The fructose-containing feedstock, water, catalyst and solvent can exist in the reaction zone as a mono- or multi-phasic system. The amount of solvent in the system relative to water typically ranges from 10:1 to 1:1 on a mass basis. In various embodiments it can range from 5:1 to 2:1. The presence of organic solvent in the reaction zone promotes both faster reaction rates and higher yields of HMF. Solvent-water combinations that form either mono- or multi-phasic compositions in the reaction zone can be employed. Preferred solvents for the reaction zone are unreactive under the conditions of fructose dehydration, and have boiling points lower than water.

An important aspect of the invention is the partial conversion of the fructose in the reaction zone. That is, the dehydration reaction is allowed to proceed until a partial conversion endpoint is attained and then the reaction is at least partially quenched (i.e., the conversion of fructose is reduced). In accordance with the present invention, the conversion of fructose in the reaction zone is controlled such that at the partial conversion endpoint, the yield of HMF from fructose provided to the reaction zone is maintained at a relatively low specified yield. As discussed in greater detail below, applicants have discovered that controlling the conversion of fructose to HMF at a specified yield reduces conversion of HMF and/or fructose to off-path products such as oligomers and polymers produced from the reaction components and referred to herein as humins, especially those which are soluble in water or the solvent supplied to the reaction zone.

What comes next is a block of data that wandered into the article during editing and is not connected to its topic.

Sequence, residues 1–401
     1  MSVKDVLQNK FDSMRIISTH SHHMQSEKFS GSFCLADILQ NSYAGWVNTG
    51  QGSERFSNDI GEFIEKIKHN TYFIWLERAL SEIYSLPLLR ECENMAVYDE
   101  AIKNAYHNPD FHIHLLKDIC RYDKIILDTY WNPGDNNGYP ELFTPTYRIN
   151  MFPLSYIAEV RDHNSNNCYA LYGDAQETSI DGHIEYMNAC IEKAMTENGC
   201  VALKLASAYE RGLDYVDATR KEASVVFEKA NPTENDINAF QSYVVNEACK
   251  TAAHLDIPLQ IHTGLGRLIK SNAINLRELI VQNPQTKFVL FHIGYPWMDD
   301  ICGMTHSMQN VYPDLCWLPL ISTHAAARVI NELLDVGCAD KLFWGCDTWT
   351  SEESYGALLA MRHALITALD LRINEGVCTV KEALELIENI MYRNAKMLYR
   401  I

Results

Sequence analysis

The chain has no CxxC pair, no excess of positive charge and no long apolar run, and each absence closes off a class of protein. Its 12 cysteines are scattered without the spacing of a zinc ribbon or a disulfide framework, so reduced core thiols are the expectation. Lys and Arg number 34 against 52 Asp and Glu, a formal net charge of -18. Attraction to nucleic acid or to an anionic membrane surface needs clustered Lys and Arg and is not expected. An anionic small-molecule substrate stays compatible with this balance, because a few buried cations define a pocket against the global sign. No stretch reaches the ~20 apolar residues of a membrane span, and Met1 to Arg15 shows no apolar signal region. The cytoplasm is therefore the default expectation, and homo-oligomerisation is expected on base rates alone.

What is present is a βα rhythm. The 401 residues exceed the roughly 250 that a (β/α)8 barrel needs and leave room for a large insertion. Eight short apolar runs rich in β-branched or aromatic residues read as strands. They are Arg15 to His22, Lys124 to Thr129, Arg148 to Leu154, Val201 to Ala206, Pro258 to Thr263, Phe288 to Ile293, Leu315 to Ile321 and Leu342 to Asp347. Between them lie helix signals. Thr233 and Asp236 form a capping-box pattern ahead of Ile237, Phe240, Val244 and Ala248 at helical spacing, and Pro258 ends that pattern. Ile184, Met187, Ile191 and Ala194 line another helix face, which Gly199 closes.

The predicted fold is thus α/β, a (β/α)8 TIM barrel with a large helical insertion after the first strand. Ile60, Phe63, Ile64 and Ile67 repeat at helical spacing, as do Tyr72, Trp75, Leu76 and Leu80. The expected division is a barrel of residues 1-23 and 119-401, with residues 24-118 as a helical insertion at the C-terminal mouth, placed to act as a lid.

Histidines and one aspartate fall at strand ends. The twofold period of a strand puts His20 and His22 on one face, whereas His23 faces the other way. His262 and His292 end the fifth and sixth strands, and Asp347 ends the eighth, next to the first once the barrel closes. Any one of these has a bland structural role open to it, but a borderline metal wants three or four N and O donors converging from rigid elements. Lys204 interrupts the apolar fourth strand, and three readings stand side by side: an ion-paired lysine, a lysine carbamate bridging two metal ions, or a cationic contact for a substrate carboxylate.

FIG. 1 graphically illustrates a typical conversion of fructose to HMF in a reaction zone as a function of time, highlighting changes in fructose, HMF and intermediate concentrations as well as changes in reaction mass balance, the latter of which is reflective of an increased concentration of off-path reaction products (e.g., levulinic acid, formic acid, and soluble and insoluble humins) at higher fructose conversions. Mass balance in this instance is defined as the sum of unconverted fructose plus the mol % yield of HMF plus the mol % yield of reaction intermediates. As discussed by István T Horvath et al. (Molecular Mapping of the Acid-Catlaysed Dehydration of Fructose, Chem. Commun., 2012, 48, 5850-5852), several different reaction pathways exist for the conversion of fructose to HMF as well as the generation of various off-path products that are believed to lead to the formation of humins. On-path intermediates to HMF are reported to include isomers of fructose such as α-D-fructofuranose and β-D-fructofuranose, 2,6-anhydro-β-D-fructofuranose, fructofuranosyl oxocarbenium ions, (2R,3S,4S)-2-(hydroxymethyl)-5-(hydroxyl-methylene)-tetrahydrofuran-3,4-diol, (4S,5R)-4-hydroxy-5-hydroxymethyl-4,5-dihydrofuran-2-carbaldehyde and difructose dianhydrides (DFAs). Off-path intermediates are reported to include (3S,4R,5R)-2-(hydroxymethylene)-tetrahydro-2H-pyran-3,4,5-triol and (3R,4S)-3,4-dihydroxy-3,4-dihydro-2H-pyran-6-carbaldehyde, which can be converted to humins.